Books for people who believe that women and men are equal

I’m feeling weighed down lately by how deeply and fervently this country of mine hates women. So. Here are some important books I’ve enjoyed, which you should read if you think that women are human and should be treated accordingly.

The Second Sex

  • The Second Sex, Simone de Beauvoir
  • My Life, a Loaded Gun: Female Creativity and Feminist Politics, Paula Bennett
  • Delusions of Gender: How Our Minds, Society, and Neurosexism Create Difference, Cordelia Fine
  • The Feminine Mystique, Betty Friedan
  • Half the Sky, Nicholas D. Kristof and Sheryl Wu Dunn
  • On Lies, Secrets, and Silence, Adrienne Rich
  • A Vindication of the Rights of Woman, Mary Wollstonecraft
  • A Room of One’s Own, Virginia Woolf

A Room of One's Own

More than biology

I just processed a submission to our academic journal from a professor at the University of Colorado at Denver. He used Wikipedia as a source. Come on, dude. Do you want people to take you seriously? Or maybe he’s not entirely to blame. Maybe one of his students wrote it and he isn’t a careful proofreader… Either way. Ha-larious.

Guion read his work last night at the weekly MFA reading series that happens at The Bridge. He was a great hit, of course. I was very proud. Whenever I hear him read his work, I am reminded all over again what a truly gifted writer he is. It’s a nice phenomenon. I don’t think I’ll ever get tired of it.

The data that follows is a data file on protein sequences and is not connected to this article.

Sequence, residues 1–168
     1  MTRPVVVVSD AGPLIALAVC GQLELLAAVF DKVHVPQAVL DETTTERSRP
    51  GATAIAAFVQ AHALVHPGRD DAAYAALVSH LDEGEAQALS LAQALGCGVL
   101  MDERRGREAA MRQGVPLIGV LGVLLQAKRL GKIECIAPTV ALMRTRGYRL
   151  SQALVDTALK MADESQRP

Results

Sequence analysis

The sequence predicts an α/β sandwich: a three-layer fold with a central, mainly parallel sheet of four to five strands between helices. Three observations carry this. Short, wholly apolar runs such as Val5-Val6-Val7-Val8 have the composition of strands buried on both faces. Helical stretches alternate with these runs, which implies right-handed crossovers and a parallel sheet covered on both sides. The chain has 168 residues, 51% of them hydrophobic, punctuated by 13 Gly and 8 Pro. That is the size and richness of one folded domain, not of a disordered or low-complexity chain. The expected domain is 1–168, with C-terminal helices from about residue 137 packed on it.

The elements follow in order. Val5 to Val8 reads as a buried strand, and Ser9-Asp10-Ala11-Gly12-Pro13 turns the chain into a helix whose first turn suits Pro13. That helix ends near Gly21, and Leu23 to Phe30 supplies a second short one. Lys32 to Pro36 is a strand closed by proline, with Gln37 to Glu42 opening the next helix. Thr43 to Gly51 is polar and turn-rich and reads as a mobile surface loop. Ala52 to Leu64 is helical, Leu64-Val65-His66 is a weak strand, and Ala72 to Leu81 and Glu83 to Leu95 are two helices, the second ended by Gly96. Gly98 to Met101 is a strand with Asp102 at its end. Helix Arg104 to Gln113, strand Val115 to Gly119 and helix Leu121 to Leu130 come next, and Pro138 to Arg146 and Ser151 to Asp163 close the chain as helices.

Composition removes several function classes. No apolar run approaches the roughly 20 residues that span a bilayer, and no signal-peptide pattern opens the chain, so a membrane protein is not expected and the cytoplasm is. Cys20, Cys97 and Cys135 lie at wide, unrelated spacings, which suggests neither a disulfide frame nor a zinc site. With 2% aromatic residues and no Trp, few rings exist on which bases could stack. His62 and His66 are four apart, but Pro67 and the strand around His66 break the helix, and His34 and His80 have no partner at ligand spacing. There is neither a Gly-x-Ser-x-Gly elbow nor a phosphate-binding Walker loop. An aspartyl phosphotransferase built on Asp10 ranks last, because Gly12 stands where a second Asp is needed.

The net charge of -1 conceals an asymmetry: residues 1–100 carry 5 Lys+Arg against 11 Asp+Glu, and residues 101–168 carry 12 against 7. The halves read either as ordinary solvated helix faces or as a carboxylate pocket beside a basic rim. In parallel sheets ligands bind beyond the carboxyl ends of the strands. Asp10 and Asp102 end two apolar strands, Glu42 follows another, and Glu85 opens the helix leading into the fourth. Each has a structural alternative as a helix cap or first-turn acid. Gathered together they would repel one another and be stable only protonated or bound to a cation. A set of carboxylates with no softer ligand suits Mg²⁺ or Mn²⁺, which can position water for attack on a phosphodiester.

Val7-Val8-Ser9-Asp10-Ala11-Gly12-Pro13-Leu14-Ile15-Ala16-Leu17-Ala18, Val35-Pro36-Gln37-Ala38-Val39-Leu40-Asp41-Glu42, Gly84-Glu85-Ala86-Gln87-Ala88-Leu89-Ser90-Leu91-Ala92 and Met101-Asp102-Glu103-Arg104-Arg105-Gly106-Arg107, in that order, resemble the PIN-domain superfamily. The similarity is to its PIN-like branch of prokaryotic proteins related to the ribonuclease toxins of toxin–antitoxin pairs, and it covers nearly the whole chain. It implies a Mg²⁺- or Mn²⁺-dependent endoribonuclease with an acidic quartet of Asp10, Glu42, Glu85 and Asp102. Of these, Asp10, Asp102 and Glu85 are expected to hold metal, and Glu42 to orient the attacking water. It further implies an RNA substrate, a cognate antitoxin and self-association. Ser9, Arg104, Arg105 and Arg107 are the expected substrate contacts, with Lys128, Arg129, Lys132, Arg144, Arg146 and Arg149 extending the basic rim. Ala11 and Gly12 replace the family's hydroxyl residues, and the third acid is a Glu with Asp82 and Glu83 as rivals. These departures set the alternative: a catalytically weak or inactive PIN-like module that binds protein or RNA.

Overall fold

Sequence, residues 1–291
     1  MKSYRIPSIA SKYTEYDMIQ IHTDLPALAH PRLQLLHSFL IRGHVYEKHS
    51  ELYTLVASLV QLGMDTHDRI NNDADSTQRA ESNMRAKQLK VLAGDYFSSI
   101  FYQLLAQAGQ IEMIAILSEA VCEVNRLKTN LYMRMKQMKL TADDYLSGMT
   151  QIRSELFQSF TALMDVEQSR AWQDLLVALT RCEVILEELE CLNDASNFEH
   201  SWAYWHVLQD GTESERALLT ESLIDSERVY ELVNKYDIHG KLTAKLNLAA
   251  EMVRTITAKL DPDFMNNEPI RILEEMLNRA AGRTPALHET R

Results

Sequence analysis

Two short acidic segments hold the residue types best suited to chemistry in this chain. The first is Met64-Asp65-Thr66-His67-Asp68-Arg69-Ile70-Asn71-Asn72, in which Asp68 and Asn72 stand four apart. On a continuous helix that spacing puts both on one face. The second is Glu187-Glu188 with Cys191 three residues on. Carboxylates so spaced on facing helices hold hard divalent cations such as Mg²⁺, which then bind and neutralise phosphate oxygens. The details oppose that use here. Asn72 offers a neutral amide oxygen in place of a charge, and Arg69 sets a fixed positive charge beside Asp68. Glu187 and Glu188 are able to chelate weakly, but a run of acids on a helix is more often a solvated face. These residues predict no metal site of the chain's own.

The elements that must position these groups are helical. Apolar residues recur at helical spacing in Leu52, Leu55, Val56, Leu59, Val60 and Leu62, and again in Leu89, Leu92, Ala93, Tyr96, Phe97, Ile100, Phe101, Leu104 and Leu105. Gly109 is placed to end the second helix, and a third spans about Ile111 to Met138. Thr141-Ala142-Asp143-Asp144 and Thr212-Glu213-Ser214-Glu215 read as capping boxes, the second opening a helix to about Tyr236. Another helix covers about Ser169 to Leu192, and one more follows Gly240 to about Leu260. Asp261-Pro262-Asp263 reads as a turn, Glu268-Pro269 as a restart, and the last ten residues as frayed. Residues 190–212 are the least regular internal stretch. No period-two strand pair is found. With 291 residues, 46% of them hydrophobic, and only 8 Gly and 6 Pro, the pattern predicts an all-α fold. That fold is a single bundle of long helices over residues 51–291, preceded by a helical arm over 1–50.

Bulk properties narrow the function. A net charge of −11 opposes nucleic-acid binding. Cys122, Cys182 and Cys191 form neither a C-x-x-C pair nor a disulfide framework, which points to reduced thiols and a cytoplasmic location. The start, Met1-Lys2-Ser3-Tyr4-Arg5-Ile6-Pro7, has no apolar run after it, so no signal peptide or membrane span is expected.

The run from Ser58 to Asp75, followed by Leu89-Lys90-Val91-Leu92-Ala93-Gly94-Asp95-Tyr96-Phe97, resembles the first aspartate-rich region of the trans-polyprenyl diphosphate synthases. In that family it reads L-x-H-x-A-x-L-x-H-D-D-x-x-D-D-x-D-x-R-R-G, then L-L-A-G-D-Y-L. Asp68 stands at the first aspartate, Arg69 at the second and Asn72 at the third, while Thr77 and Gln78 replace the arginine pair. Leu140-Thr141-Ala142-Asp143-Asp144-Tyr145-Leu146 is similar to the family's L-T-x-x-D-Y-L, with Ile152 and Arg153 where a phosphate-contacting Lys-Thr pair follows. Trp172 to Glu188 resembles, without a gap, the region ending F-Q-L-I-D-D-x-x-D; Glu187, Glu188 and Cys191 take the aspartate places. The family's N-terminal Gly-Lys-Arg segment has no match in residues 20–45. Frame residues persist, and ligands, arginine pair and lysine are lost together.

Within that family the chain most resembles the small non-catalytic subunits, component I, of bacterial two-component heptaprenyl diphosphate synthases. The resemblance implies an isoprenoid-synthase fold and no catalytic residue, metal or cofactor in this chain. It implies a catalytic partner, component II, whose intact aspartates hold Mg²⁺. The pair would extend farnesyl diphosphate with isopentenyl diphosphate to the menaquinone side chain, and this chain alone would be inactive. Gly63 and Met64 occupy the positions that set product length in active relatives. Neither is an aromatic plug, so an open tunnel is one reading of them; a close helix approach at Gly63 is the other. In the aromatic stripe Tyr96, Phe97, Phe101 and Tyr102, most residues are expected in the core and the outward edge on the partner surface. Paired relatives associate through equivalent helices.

In other news, I can’t WAIT to go home for Thanksgiving! I miss my family so much. This sprawling family-wide e-mail chain that we’ve got going is only compounding my homesickness.

The Feminine Mystique is good, but it’s not exactly exciting to read. I think it would have really rocked my world–as it rocked everyone’s world–in 1963, but in 2010, so many of these observations aren’t true anymore. One critical one being that women now outpace men in receiving both bachelor’s and doctorate degrees. This also means that the problem of women forcing themselves to get married and make babies as soon as possible–thereby forfeiting their intelligence and their identities in the cult of sacred motherhood–is no longer much of an issue anymore. Women get jobs now. They still don’t earn as much as men for the same positions, but they are working. So, there’s that, which is something I’m sure Friedan, were she still alive, would find encouraging.

I think the main thing I’ve learned from The Feminine Mystique is a point that is very subtly laid beneath the text by Friedan. Essentially, it’s this: Women count as human beings, and they count as far more than their mere biological, reproductive capacity. I reject the notion that is especially popular among Christians, that a woman should bear and raise children and do nothing more. Men are allowed to exist and function in the world beyond their mere reproductive function. Why can’t women?